A new law issued by HH the Emir Sheikh Tamim bin Hamad al-Thani makes clicking, recording and sharing images and videos of accident victims a punishable offence. 
A person found guilty can be penalised by imprisonment for a term not exceeding two years and/or a fine of up to QR10,000. 
Yesterday, HH the Emir issued Law No 4 of 2017 amending some provisions of the Penal Code, promulgated by Law No 11 of 2004. The amendment pertains to Article 333 of the Penal Code, which deals with legal provisions and penalties for breaching the privacy of individuals without their consent, except in cases where it is legally permitted. 
The acts that can lead to breach of privacy include opening a private letter or telegram addressed to other individuals, eavesdropping on a telephone conversation, recording or transmitting conversations that take place in a private place through any type of device; and taking or transmitting photographs or video clips of a person or a group of persons in a private place through any type of device.
Earlier, the punishment for these offences was a prison term not exceeding one year and/or a maximum fine of QR5,000. Now, the maximum penalty has been increased to two years in jail and/or a fine of up to QR10,000.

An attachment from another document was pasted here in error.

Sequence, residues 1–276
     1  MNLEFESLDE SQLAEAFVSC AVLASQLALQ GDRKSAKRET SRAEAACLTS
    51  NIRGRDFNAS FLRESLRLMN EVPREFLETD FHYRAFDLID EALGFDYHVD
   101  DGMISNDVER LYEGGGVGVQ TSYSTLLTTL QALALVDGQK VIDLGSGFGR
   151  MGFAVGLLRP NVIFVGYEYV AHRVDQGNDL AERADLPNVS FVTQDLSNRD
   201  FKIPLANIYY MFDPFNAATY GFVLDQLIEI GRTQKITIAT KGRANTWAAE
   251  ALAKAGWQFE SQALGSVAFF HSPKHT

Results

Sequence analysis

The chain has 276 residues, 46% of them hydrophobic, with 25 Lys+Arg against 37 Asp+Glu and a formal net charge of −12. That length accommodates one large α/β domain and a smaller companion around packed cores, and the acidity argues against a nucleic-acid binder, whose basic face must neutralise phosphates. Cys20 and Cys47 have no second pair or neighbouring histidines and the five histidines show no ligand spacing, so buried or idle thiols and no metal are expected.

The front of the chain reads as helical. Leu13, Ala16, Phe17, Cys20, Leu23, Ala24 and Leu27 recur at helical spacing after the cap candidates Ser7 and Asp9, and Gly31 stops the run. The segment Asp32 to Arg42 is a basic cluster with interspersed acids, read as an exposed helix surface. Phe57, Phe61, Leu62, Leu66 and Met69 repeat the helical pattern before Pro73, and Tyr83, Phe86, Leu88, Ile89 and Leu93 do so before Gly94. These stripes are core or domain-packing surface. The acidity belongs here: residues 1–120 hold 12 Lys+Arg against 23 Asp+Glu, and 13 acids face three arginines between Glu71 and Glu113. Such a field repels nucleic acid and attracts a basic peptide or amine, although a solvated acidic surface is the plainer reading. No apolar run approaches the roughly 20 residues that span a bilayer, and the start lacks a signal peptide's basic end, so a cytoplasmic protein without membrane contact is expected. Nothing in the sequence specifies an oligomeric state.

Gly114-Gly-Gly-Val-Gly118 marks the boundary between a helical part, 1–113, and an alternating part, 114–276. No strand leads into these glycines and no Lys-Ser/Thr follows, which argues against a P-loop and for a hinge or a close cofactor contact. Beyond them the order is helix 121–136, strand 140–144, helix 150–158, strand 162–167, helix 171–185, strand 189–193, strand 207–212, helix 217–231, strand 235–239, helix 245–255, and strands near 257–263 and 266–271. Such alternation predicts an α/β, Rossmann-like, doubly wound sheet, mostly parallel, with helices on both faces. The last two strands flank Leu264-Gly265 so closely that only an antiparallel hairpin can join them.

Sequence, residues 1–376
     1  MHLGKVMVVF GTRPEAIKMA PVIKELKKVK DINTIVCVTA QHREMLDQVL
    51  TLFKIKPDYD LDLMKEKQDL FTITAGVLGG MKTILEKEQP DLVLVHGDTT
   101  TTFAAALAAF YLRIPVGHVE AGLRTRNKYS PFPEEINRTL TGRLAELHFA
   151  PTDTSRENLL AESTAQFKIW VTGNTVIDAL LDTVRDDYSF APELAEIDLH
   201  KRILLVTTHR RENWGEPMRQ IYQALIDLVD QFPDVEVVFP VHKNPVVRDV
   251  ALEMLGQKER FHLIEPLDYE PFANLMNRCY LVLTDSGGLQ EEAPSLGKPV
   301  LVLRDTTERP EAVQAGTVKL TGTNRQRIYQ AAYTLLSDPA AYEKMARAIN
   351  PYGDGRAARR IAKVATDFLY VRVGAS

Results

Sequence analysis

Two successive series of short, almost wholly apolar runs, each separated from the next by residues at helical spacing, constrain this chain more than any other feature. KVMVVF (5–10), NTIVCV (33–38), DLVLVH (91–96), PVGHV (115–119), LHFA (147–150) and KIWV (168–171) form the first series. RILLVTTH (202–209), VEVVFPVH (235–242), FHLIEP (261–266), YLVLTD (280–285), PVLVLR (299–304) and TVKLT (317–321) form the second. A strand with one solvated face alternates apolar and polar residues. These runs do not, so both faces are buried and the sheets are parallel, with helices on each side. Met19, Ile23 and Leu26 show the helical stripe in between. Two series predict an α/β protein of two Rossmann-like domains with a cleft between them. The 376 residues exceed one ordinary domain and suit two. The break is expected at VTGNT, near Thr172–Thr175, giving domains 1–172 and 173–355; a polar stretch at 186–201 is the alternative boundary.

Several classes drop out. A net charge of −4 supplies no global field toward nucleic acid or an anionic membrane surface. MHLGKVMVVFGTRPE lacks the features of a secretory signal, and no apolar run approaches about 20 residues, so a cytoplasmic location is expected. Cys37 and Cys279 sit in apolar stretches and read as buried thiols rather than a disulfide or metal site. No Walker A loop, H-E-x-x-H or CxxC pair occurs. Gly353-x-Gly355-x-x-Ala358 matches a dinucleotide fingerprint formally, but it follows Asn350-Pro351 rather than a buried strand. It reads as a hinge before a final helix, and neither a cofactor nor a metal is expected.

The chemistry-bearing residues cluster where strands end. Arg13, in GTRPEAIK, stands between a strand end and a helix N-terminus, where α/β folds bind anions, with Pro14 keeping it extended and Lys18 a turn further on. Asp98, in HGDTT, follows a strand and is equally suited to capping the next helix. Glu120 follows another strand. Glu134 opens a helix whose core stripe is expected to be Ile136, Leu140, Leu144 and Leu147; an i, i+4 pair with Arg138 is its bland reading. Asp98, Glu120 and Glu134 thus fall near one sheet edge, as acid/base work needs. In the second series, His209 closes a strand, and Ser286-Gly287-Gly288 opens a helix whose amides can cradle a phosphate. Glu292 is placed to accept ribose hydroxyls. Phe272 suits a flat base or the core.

The same penalties now apply to two more provisions: taking or transmitting photographs or video clips of accident victims using any kind of device – unless legally permitted - and taking or transmitting photographs or video clips of an individual or group of individuals in a public place through any device with the aim of using these for abuse or defamation.
The law stipulates that it shall be implemented by all the departments concerned and published in the Official Gazette, according to the official Qatar News Agency.
Last month, the Cabinet took the necessary measures to issue, after referring to the Advisory Council’s recommendations on the matter, a draft law amending the above-mentioned provisions of the Penal Code. One of the stipulations was that anyone who takes or circulates photographs or videos of accident victims through any device in an unauthorised way would be punished.
Earlier, in September 2016, the Cabinet had referred the matter to the Advisory Council for its recommendations. 
The amendments are aimed at prohibiting the widely prevalent practice of sharing accident victims’ pictures, mostly on social media platforms, according to reports.
Article 333 is among a series of provisions in the said law that deals with “calumny, defamation and secret disclosure”.